Cricket venueEdit

George Finch, 9th Earl of Winchilsea, lived at the mansion in the late 18th century and used its grounds to stage a number of cricket matches, six of them first-class, between 1790 and 1793.[15] As late as 1814, the venue was used for a Rutland v Nottingham game.


  1. ^ "A vision of Britain through time". University of Portsmouth. Retrieved 31 January 2009.
  2. ^ "Rutland Civil Parish Populations" (PDF). Rutland County Council. 2001. Archived from the original (PDF) on 12 October 2007. Retrieved 31 January 2009.
  3. ^ "Civil Parish population 2011". Neighbourhood Statistics. Office for National Statistics. Retrieved 24 June 2016.
  4. ^ Early Castles in the Medieval Landscape of Rutland Oliver Creighton; p26-8
  5. ^ Alstoe Moot and part of Alsthorpe deserted medieval village, Burley - 1010671| Historic England Retrieved 2018-02-18.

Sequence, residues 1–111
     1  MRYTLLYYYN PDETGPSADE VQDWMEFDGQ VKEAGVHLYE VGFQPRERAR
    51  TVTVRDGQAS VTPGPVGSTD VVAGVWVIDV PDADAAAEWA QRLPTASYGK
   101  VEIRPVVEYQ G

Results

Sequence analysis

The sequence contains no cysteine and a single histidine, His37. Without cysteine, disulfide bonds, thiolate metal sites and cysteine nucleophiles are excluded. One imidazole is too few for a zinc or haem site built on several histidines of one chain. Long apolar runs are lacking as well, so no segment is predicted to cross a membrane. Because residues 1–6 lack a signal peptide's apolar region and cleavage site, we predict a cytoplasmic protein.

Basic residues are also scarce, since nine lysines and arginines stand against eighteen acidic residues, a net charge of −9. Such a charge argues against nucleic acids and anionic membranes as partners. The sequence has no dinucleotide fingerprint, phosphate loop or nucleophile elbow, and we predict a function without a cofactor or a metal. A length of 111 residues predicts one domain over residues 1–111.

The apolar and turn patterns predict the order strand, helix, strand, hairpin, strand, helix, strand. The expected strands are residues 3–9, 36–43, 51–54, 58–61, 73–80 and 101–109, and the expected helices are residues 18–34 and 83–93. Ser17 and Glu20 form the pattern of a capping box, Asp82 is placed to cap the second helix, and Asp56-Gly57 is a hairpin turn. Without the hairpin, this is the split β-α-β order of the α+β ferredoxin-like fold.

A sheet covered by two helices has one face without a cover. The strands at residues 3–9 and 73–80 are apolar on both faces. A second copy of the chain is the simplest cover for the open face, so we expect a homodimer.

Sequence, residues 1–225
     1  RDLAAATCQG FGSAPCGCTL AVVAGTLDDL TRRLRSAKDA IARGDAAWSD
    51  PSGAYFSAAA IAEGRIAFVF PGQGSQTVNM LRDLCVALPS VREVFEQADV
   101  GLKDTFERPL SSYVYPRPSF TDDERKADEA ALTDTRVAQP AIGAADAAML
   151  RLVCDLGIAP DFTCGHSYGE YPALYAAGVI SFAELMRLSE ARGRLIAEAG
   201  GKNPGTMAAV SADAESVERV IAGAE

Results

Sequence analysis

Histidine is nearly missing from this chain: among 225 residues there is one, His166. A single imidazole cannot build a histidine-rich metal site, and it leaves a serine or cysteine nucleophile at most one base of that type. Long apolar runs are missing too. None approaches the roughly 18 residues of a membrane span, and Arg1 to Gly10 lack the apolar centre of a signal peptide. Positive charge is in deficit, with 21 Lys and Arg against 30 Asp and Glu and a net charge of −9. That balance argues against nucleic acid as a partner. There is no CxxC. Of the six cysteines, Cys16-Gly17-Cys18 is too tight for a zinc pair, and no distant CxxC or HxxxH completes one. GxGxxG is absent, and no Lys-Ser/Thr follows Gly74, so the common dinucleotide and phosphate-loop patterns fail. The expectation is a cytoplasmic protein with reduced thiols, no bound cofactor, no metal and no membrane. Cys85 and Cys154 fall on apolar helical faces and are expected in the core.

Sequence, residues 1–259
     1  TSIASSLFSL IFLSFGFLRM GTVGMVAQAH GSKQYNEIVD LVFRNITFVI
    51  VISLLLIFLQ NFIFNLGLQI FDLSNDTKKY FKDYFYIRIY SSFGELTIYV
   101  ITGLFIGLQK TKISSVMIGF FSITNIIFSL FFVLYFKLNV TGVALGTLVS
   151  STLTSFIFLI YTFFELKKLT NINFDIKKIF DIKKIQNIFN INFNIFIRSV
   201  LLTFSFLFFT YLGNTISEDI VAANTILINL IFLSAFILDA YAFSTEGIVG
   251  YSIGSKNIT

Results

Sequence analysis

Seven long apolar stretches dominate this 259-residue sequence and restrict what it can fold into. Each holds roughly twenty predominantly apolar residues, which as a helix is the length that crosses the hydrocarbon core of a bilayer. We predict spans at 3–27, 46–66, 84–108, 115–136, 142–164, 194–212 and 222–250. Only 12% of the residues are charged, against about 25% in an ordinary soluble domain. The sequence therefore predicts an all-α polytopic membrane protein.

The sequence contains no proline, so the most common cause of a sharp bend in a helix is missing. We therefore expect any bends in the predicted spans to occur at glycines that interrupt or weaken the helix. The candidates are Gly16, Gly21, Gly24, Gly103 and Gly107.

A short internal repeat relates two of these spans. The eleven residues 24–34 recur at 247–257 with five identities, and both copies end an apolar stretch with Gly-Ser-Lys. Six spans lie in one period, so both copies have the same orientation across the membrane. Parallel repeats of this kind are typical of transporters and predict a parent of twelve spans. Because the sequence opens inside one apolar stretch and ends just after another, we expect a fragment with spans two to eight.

6. ^ 'Parishes: Burley', A History of the County of Rutland: Volume 2 (1935), pp. 112–119. URL: http://www.british-history.ac.uk/report.aspx?compid=66217 Date accessed: 14 May 2010.
  7. ^ Gustav Ungerer, 'An Unrecorded Elizabethan Performance of Titus Andronicus', Shakespeare Survey, vol. 14 (Cambridge, 1961), pp. 102, 104, 108.
  8. ^ Roger Lockyer, Buckingham (London, 1981), p. 63.
  9. ^ HMC Mar & Kellie, 2 (London, 1930), pp. 109, 116: Roger Lockyer, Buckingham (London, 1981), p. 215.
  10. ^ Foundations were laid in 1694 (H. J. Habakkuk, "Daniel Finch, 2nd Earl of Nottingham: His House and Estate", J. H. Plumb, ed. Studies in Social History 1955).
  11. ^ Habakkuk 1955.
  12. ^ Colvin, Howard, A Biographical Dictionary of British Architects, 3rd ed. 1995, s.v. "Dormer, Henry".
  13. ^ A suite of reception rooms designed by Joseph Bonomi for Lord Winchilsea, 1782, were never carried out. (Colvin 1995, s.v. "Bonomi, Joseph", "Johnson, John".).
  14. ^ Rupert Gunnis, Dictionary of British Sculptors 1660–1851 rev. ed., 1968, s.v. "Chantrey, Sir Francis: Memorials".
  15. ^ List of matches


  • Howard Colvin, A Biographical Dictionary of British Architects, 1600–1840, 3rd ed. (Yale University Press) 1995

External linksEdit

  Media related to Burley, Rutland at Wikimedia Commons